bolic violence, is the basis of the widely accepted argument that the cause of
inequality/difference, within the school, is the classed, and culturally arbitrary
curriculum. The theory appears to be derived impeccably from Bourdieu’s
conceptual framework and is a reasonable Bourdieusian position. It is not,
however, Bourdieu’s own position. Lane (2000) is the most recent commen-
tator to have noted Bourdieu’s insistence on the necessity of a universal cur-
riculum and pedagogy. This may be inconsistent with elements of his general
theory, but it locates him firmly in the Enlightenment tradition from which
the theory arises.

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Roy Nash

Nevertheless, the theoretical celebration of the arbitrary, which is, of

course, a commitment to epistemological relativism, has implications for
realist sociology, particularly with respect to explanations of inequality/
difference, that require some discussion. It is one thing to argue that specific
social conditions give rise to specific dispositions, and quite another to main-
tain that the valuation of these habitus is other than arbitrary and determined
by the structure of the field. The influence of Saussure is obvious in Wac-
quant’s (2000: 115) assertion that:

To uncover the social logic of consumption thus requires establishing, not

a direct link between a given practice and a particular class category (e.g.,
horseback riding and the gentry), but the structural correspondences that
obtain between two constellations of relations, the space of lifestyles and
the space of social positions occupied by the different groups.

There is no logical contradiction in, for example, Wacquant’s insistence here

that practices follow structuralist logic in being distinguished by the arbitrary
relations between them, and his observation (Wacquant, 1999) that the expe-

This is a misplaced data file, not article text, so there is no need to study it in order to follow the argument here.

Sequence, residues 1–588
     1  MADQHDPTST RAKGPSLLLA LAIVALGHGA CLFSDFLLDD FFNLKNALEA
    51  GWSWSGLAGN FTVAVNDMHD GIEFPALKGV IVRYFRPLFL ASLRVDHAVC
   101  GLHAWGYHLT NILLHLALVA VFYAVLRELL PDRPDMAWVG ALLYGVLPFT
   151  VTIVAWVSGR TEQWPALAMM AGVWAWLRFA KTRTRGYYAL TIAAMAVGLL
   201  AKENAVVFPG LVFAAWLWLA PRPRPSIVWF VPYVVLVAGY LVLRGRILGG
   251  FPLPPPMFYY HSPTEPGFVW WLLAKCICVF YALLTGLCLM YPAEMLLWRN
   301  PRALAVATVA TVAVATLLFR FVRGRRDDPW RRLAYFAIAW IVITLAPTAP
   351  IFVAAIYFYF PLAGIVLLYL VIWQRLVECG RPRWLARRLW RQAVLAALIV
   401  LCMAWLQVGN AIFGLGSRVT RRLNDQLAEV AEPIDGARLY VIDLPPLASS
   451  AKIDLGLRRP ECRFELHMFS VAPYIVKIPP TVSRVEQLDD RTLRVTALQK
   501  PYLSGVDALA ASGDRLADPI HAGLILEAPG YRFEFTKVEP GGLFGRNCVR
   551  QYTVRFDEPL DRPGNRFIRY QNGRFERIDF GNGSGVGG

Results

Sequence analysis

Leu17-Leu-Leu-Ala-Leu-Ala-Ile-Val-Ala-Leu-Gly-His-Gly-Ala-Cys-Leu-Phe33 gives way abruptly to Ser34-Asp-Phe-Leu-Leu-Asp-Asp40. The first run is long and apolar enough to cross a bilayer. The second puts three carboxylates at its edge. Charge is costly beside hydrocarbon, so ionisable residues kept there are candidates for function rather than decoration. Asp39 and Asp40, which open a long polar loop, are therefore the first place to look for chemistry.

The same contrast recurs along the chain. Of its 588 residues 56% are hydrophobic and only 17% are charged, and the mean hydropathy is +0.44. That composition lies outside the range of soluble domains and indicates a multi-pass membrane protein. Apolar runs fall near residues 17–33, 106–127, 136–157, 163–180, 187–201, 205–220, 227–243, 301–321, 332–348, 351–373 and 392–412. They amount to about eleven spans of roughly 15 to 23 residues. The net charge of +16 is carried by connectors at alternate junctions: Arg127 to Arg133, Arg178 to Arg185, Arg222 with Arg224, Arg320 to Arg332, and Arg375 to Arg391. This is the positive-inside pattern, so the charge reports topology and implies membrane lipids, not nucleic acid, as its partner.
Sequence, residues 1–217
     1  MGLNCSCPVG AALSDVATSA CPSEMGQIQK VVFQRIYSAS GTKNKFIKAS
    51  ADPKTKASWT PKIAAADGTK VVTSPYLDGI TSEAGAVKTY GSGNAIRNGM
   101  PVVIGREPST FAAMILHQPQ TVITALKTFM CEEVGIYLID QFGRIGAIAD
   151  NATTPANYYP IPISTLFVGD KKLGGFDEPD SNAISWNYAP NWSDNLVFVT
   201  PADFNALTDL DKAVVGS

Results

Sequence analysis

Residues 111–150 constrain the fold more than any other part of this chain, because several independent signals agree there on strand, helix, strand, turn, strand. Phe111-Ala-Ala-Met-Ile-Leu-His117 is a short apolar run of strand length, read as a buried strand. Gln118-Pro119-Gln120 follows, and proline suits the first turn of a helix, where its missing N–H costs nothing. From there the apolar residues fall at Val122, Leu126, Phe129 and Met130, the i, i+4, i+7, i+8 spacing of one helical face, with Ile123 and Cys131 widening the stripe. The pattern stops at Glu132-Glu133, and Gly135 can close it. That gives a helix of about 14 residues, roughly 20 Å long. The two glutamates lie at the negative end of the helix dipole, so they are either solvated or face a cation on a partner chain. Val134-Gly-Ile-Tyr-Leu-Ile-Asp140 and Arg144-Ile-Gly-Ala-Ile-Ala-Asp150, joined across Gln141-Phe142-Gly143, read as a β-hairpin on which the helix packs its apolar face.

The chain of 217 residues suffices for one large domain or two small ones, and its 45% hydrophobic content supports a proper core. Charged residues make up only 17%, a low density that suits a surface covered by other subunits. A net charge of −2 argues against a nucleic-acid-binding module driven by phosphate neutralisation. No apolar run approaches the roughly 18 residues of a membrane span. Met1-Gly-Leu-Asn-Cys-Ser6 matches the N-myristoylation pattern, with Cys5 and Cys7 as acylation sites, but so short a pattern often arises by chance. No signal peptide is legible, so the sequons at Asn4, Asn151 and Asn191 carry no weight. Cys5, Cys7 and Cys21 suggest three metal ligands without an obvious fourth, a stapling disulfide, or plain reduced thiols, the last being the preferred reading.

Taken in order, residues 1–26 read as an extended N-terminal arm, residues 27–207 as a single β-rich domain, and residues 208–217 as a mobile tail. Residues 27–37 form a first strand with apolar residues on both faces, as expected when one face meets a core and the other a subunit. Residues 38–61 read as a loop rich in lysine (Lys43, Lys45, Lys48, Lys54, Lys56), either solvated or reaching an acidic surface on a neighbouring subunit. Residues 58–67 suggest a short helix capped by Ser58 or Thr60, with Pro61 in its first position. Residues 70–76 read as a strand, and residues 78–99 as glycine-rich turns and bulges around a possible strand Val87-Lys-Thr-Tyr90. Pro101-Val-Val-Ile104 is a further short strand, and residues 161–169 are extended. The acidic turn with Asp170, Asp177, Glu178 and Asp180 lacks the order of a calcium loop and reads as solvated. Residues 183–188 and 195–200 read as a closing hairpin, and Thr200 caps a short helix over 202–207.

rience of the American urban ghetto produces recognizable types marked by
the stamp of deprivation. This position is, however, certainly incompatible
with an ontological commitment to the nature of human being and flourish-
ing as outlined, for example, in Bhaskar’s (1993) realist ethics. It is interest-
ing that Charlesworth (2000), who draws extensively on Bourdieu, has no
doubt that to be working class – at least in the northern town of Rotherham
– is to suffer within a culture that denies access to the full possibilities of a
decent life, and prevents people becoming what they are capable of being in
more favourable circumstances. It may be Heidegger’s (1974) rather than
Bourdieu’s influence that drives Charlesworth to declaim that working class
people ‘are, in a very real sense, only partly alive’ who go through the motions
of life as ‘the zombies that British culture has created by condemning them
to the living death of a stigmatised, abject, being’ (p. 160), but this is certainly
an extreme view. At least it is evident that Charlesworth does not suppose the
social value of cultural practices to be conferred by a system of relations and
consequently having an arbitrary valuation conferred by the structures of the
field. Indeed, Wacquant (1999) himself speaks of the cultural form of hustling,
and the recognizable type it creates, one with ‘the ability to manipulate others,
to inveigle and deceive them, if need be by joining violence to chicanery and
charm, in the pursuit of immediate pecuniary gain’ (p. 142), one that has
emerged as ‘an expressive lifestyle which alone can make life somewhat bear-
able by loosening the taut and oppressive grip of the daily round in the ghetto’